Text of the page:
Story of the Service of Company E: And the Twelfth Wisconsin Regiment, Veteran Volunteer Infantry, in the War of the Rebellion : Beginning with September 7th, 1861, and Ending with July 21st, 1865
Swain & Tate Company, 1893 - 547 pages
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Story of the Service of Company E and of the Twelfth Wisconsin Regiment ...
Hosea W. Rood
No preview available - 2017
Story of the Service of Company E: And the Twelfth Wisconsin Regiment ...
Hosea W. Rood
No preview available - 2015
army Atlanta battle became began boys brought Bryant called camp Captain carried charge cheer close Colonel command comrades Corps crossed dark death Division duty enemy enlisted fall feel fellows felt field fighting fire four front gave give Grant ground guard guns hand head heard Henry hill hospital hundred James John July June keep knew leaving letter Lieutenant lively looked meeting miles morning moved never night officers once passed picket poor position pretty reached Rebels regiment remained rest river road seemed sent Sherman side soldiers soon sort stand taken tell tent thing thought told took town train turned Vicksburg wanted Wisconsin wounded young
Page 377 - I beg to present you, as a Christmas gift, the city of Savannah, with one hundred and fifty heavy guns and plenty of ammunition, and also about twenty-five thousand bales of cotton.
Page 350 - Around it clings many a thought of desperate battle, of hope and fear, that now seem like the memory of a dream; and I have never seen the place since. The day was extremely beautiful, clear sunlight, with bracing air, and an unusual feeling of exhilaration seemed to pervade all minds — a feeling of something to come, vague and undefined, still full of venture and intense interest. Even the common soldiers caught the inspiration, and many a group called out to me as I worked my way past them, "Uncle...
Page 471 - Then cheer upon cheer for bold Sherman Went up from each valley and glen, And the bugles reechoed the music That came from the lips of the men: For we knew that the stars in our banner More bright in their splendor would be, And that blessings from Northland would greet us When Sherman marched down to the sea. Then forward, boys, forward to battle! We marched on our wearisome way, And we stormed the wild hills of Resaca; God bless those who fell on that day!
Page 2 - Yes, we'll rally round the flag boys, we'll rally once again, Shouting the battle cry of freedom; We will rally from the hillside, we'll gather from the plain. Shouting the battle cry of freedom.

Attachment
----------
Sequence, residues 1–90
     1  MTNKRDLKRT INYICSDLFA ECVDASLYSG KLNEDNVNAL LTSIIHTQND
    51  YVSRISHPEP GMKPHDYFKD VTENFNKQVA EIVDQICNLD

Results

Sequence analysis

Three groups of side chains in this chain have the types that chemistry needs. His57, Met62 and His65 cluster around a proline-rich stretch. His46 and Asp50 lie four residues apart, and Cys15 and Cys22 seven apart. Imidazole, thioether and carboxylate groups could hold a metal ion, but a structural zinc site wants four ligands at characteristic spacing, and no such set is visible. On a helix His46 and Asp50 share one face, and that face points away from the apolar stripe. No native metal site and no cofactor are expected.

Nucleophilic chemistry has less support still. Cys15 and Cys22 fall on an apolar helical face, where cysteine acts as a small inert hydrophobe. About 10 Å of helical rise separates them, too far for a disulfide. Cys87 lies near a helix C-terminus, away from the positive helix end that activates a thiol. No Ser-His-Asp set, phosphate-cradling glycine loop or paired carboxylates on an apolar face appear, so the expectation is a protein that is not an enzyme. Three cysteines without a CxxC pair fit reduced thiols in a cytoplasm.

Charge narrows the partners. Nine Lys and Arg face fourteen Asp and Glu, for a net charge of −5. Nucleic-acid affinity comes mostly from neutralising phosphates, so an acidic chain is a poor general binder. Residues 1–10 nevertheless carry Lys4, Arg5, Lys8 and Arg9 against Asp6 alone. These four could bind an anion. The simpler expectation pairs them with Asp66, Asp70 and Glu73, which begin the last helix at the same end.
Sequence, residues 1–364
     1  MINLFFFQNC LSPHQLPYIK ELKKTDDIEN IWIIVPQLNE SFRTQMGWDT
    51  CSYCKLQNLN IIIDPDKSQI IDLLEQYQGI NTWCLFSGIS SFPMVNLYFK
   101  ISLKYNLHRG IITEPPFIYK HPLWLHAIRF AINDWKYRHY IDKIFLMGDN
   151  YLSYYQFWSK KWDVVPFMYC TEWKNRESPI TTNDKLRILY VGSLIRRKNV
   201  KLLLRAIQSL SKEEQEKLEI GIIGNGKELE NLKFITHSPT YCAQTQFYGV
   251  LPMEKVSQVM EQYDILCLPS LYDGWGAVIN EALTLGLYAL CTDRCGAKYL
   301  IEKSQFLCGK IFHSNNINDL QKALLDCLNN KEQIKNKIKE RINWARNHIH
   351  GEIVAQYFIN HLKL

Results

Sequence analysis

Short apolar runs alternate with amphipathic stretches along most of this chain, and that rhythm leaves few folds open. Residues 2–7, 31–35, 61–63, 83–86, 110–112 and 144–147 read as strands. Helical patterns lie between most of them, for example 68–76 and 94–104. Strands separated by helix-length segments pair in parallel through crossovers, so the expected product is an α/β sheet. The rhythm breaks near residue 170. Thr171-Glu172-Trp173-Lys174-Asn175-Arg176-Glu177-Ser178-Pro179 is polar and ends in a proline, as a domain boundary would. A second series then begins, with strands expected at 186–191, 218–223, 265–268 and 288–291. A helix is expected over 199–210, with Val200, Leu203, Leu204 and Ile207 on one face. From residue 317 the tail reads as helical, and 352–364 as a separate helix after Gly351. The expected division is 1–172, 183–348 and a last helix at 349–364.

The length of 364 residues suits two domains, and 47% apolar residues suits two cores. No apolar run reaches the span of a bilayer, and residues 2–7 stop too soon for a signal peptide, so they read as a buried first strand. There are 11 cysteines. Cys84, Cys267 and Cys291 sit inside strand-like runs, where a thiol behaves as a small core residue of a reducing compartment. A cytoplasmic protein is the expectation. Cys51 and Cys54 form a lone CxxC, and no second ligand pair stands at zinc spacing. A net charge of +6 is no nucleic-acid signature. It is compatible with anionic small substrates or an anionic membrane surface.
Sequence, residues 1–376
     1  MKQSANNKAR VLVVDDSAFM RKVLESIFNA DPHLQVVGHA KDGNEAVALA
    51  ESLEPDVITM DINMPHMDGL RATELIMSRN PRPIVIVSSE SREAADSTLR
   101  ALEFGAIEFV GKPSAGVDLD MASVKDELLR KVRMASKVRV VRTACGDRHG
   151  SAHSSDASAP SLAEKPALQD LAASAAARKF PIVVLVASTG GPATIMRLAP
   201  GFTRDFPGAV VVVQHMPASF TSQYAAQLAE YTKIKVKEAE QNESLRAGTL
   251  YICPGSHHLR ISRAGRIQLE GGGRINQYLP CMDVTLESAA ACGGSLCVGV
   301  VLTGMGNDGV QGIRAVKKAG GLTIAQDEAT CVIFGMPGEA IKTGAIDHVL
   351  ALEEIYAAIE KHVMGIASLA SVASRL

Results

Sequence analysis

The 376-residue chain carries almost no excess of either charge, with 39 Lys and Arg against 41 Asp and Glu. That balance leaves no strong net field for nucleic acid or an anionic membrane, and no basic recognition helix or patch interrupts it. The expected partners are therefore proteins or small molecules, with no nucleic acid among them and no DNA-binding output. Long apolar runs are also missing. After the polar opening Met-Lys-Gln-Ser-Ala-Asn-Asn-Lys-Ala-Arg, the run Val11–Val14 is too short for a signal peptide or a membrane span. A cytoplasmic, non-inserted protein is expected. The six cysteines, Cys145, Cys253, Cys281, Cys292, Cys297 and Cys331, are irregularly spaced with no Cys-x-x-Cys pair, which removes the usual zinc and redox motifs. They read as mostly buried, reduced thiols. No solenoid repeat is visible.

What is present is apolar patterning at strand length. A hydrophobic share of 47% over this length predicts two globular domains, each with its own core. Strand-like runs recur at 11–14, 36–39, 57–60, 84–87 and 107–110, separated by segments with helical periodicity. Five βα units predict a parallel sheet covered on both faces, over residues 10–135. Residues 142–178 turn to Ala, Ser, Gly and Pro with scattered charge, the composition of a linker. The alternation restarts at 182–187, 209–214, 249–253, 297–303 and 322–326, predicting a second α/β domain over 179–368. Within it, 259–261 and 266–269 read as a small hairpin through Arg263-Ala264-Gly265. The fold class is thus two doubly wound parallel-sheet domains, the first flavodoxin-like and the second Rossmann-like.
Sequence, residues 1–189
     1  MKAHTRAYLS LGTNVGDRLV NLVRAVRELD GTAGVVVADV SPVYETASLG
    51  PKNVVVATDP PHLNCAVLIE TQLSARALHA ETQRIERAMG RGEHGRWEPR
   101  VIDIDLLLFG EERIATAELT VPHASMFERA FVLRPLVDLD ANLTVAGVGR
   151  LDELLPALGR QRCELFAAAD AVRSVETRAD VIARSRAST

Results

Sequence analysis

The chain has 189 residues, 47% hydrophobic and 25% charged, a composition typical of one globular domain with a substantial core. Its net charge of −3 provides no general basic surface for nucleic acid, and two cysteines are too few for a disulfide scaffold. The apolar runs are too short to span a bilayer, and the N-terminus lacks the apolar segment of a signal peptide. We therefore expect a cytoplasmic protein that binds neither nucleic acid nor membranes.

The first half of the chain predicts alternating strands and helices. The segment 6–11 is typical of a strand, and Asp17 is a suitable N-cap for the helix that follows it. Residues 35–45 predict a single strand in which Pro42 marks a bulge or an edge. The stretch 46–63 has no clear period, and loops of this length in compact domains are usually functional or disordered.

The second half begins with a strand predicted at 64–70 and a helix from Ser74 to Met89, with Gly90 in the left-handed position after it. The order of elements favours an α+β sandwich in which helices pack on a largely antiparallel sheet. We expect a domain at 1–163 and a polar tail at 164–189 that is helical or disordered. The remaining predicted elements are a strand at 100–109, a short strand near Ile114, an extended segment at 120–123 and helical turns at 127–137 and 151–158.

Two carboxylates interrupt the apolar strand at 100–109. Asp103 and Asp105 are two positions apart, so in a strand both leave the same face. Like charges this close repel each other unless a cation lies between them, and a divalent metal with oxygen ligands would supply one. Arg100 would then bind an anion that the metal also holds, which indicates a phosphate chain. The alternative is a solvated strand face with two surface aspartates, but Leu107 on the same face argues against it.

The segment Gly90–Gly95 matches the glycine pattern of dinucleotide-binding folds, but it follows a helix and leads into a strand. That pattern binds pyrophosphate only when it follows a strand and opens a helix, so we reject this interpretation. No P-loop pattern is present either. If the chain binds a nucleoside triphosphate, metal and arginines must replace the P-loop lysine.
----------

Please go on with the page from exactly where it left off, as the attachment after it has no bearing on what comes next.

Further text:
Page 378 - That the thanks of the people and of the Congress of the United States are due and are hereby tendered to Major-General William T.
Page 402 - The truth is, the whole army is burning with an insatiable desire to wreak vengeance upon South Carolina. I almost tremble at her fate, but feel that she deserves all that seems in store for her.
Page 472 - Bring the good old bugle, boys ! we'll sing another song — Sing it with a spirit that will start the world along, Sing it as we used to sing it fifty thousand strong, While we were marching through Georgia. Chorus — " ' Hurrah ! Hurrah ! we bring the Jubilee ! Hurrah ! Hurrah ! the flag that makes you free !' So we sang the chorus from Atlanta to the sea, While we were marching through Georgia.
Page 445 - Christmas found us at Savannah. Waiting there only long enough to fill our wagons, we again began a march, which for peril, labor, and results will compare with any ever made by an organized .army. The floods of the Savannah, the swamps of the Combahee and Edisto, the high hills...
Page 354 - Let every man fly to arms! Remove your negroes, horses, cattle, and provisions from Sherman's army, and burn what you cannot carry. Burn all bridges, and block up the roads in his route. Assail the invader in front, flank, and rear, by night and by day. Let him have no rest.
Page 409 - Chesterville, and another of twenty "near a ravine eighty rods from the main road" about three miles from Feasterville. I have ordered a similar number of prisoners in our hands to be disposed of in like manner. I hold about 1,000 prisoners captured in various ways, and can stand it as long as you ; but I hardly think these murders are committed with your knowledge, and would suggest that you give notice to the people at large that every life taken by them simply results in the death of one of your...